We do not have the freedom and free will that we think we do. Yes, you can make conscious choices, but everything that makes up those conscious choices (your thoughts, your wants, your desires) is determined by prior causes outside your control. Just because you can do what you want does not mean you have free will because you are not choosing what you want in the first place.
- The concept of free will is pervasive in our world.
- “How can we make sense of our lives and hold people accountable for their choices given the unconscious origins of our conscious minds?”
- “We do not have the freedom we think we have… Either our wills are determined by prior causes and we are not responsible for them. Or they are the product of chance and we are not responsible for them.”
- “The intention to do one thing and not another does not originate in consciousness. Rather it appears in consciousness. As does any thought or impulse that might impose it.”
- There are famous studies done with fMRI techniques which show that our brains will indicate the choice we are going to make 700 milliseconds before we are aware that we are going to make the choice. Other studies have found even larger discrepancies of 7-10 seconds.
- You cannot decide your next mental state, thought, or action until it arises. Where is the freedom in that process?
- “There is no question that most, if not all, mental events are the product of physical events. The brain is a physical system entirely beholden to the laws of nature. And there is every reason to believe that changes in its functional state and material structure entirely dictate our thoughts and actions.”
- “Consider what it would actually take to have free will. You would need to be aware of all the factors that determine your thoughts and actions, and you would need to be in complete control of these factors.”
- “We know that determinism in every sense relevant to human behavior is true. Unconscious neural events determine our thoughts and actions, and are themselves determined by prior causes of which we are subjectively unaware.”
- Just because you can do what you want does not mean you have free will. Why? Because you are not consciously choosing what you want. You simply want it. You can’t explain why you want it, but you do. And so choosing to do what you want (or choosing one want over another) does not mean you have free will because your wants have been given to you not determined by you.
- We make a mistake by separating our “free will” from our neural processes. The neural processes that support consciousness and nudge our actions are just as much a part of us as our conscious actions. The machinery that drives our actions is just as real as the actions themselves.
- All sorts of studies in behavior have proven that we often attribute the actions we take to incorrect causes. We reason backwardly and create all sorts of causes for our actions. In this case, Harris is arguing that we don’t merely do this sometimes, but all the time. He says that free will is an illusion and we do not fully understand what really drives our actions.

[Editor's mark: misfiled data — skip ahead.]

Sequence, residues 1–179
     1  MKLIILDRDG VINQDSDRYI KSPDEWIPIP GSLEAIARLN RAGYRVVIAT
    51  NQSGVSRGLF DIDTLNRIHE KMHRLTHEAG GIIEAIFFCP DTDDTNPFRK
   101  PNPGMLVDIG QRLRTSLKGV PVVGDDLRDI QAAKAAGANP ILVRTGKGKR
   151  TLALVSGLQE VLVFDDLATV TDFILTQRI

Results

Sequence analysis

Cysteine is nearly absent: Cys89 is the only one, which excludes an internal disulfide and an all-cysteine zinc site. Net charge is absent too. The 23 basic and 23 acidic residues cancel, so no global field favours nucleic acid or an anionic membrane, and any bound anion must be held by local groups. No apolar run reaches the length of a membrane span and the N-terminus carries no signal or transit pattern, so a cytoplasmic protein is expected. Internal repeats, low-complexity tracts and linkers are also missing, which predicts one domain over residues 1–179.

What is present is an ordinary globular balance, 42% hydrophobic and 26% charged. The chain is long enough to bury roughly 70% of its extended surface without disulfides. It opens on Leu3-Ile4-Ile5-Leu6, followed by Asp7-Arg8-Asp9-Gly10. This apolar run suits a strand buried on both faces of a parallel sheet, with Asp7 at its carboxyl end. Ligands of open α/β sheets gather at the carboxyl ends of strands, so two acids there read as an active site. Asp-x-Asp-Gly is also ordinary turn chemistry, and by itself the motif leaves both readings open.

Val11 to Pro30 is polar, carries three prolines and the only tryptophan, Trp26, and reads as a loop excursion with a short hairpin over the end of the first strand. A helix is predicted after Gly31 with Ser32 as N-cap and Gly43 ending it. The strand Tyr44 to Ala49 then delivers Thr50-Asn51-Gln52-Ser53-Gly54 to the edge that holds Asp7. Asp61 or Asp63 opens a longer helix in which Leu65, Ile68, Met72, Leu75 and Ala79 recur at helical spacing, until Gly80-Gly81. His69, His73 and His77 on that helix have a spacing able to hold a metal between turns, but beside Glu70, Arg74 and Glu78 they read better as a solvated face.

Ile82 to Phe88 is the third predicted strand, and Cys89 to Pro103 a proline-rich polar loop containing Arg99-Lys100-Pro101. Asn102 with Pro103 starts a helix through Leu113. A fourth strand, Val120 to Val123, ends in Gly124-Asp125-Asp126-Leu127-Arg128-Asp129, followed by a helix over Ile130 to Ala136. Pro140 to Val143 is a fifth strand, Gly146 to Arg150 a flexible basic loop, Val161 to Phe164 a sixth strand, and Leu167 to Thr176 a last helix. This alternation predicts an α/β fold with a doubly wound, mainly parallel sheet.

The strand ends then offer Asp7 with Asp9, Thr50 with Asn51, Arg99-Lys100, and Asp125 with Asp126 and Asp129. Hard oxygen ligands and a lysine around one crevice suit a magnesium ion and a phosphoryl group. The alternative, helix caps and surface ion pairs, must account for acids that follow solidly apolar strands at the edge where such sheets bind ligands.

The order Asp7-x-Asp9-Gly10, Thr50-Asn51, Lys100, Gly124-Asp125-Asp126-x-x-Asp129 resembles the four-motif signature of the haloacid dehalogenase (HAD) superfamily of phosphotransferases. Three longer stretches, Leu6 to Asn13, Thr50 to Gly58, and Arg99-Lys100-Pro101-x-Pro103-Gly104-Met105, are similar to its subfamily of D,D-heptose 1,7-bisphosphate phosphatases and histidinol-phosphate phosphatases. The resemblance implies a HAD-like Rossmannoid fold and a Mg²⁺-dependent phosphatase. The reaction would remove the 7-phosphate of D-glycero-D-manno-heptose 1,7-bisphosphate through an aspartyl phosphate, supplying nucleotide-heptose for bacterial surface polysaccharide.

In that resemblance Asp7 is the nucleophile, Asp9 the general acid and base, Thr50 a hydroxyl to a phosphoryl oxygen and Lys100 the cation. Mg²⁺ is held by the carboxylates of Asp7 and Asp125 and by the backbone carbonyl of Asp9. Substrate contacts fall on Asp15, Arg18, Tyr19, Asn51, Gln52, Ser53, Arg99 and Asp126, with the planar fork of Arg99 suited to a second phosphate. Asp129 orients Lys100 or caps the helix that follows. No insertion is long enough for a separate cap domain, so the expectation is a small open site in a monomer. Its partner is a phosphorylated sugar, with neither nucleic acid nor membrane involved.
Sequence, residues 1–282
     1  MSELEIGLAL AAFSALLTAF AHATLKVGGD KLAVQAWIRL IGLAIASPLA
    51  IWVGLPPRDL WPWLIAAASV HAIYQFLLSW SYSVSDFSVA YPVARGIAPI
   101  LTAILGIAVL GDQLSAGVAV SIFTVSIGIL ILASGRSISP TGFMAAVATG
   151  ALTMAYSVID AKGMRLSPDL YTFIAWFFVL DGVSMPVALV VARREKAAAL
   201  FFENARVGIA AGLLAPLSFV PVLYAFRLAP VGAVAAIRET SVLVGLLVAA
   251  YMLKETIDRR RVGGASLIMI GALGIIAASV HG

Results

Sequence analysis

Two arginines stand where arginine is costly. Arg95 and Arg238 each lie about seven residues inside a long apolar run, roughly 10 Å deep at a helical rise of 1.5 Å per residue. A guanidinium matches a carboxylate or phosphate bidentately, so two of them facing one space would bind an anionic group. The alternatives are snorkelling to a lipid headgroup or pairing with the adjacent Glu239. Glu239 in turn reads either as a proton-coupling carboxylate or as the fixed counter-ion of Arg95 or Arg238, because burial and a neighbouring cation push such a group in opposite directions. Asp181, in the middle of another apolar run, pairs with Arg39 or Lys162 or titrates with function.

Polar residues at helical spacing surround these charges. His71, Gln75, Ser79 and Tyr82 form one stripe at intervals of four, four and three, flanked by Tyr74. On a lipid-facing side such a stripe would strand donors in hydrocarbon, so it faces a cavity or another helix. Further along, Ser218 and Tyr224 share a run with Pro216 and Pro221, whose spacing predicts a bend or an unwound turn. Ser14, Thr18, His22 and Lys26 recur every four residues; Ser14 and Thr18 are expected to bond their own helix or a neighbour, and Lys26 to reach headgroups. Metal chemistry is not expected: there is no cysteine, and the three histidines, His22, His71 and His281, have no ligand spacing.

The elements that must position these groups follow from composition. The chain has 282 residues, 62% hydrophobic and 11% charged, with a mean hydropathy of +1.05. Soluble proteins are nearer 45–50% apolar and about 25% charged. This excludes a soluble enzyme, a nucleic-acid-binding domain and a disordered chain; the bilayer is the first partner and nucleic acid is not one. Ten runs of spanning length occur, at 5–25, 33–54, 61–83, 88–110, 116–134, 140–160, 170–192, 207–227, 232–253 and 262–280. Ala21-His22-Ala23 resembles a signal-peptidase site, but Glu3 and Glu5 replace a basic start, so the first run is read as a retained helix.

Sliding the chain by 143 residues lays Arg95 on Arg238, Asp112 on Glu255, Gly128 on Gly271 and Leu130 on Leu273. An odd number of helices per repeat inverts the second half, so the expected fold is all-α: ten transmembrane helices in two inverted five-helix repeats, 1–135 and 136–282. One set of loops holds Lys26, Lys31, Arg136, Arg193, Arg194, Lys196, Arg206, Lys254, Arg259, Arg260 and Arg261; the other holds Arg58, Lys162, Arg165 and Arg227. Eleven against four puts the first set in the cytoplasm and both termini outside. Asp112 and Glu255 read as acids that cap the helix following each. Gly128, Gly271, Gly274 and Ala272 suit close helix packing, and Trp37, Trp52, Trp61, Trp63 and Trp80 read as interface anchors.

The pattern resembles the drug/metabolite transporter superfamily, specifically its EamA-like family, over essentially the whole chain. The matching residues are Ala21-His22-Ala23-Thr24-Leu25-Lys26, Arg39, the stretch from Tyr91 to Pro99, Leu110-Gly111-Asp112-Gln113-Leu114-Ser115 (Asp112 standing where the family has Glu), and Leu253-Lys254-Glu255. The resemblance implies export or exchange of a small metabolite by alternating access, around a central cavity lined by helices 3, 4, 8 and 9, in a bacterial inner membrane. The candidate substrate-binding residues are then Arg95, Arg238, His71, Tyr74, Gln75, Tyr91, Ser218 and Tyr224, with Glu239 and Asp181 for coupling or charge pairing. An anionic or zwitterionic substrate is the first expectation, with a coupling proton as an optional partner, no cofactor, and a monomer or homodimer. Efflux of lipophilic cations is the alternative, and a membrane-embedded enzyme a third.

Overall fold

- This is a discussion of the underlying causes of human behavior. In many cases, these causes are hidden to us.
- Harris acknowledges that, although free will does not exist, we can create a framework for our choices which makes certain outcomes more likely than others. For example, you can remove all candy from your house to reduce the odds of eating sweets. Whether you feel the urge to eat sweets, however, is not something you have control over. Your “wants” simply are. They are not things you control.
- “You can change your life and yourself through effort and discipline. But you have whatever capacity you have for effort and discipline is what you have at this moment. And not a scintilla more. Or less.”
- “You wanted to lose weight for years. Then you REALLY wanted to. What’s the difference? Whatever it is, it’s not a difference you brought into being.”
- This has implications for how we judge criminals and interpret actions. If we understand that it is very possible to be dealt a bad hand in life — bad genetics, bad parents, bad experiences — then we begin to realize that even criminals have a deeper story that influences their actions. In a world like this, crimes, even heinous ones, are not easily attributed to free will and bad ideas. It’s a more compassionate view of our fellow humans. “The urge for retribution depends on our not seeing the underlying causes of human behavior.”
- This doesn’t mean we don’t need a criminal justice system nor do we need to separate dangerous people from society.
- “Not only are we not as free as we think we are, we do not feel as free as we think we do… Thoughts and intentions simply arise in our mind. What else could they do?”
- It is impossible for us to know the causes of our choices and wants.
This is a list of authors, books, and concepts mentioned in Free Will, which might be useful for future reading.
- Daniel Dennett’s writings on philosophy and compatibilism
- Meditations on Violence by Rory Miller
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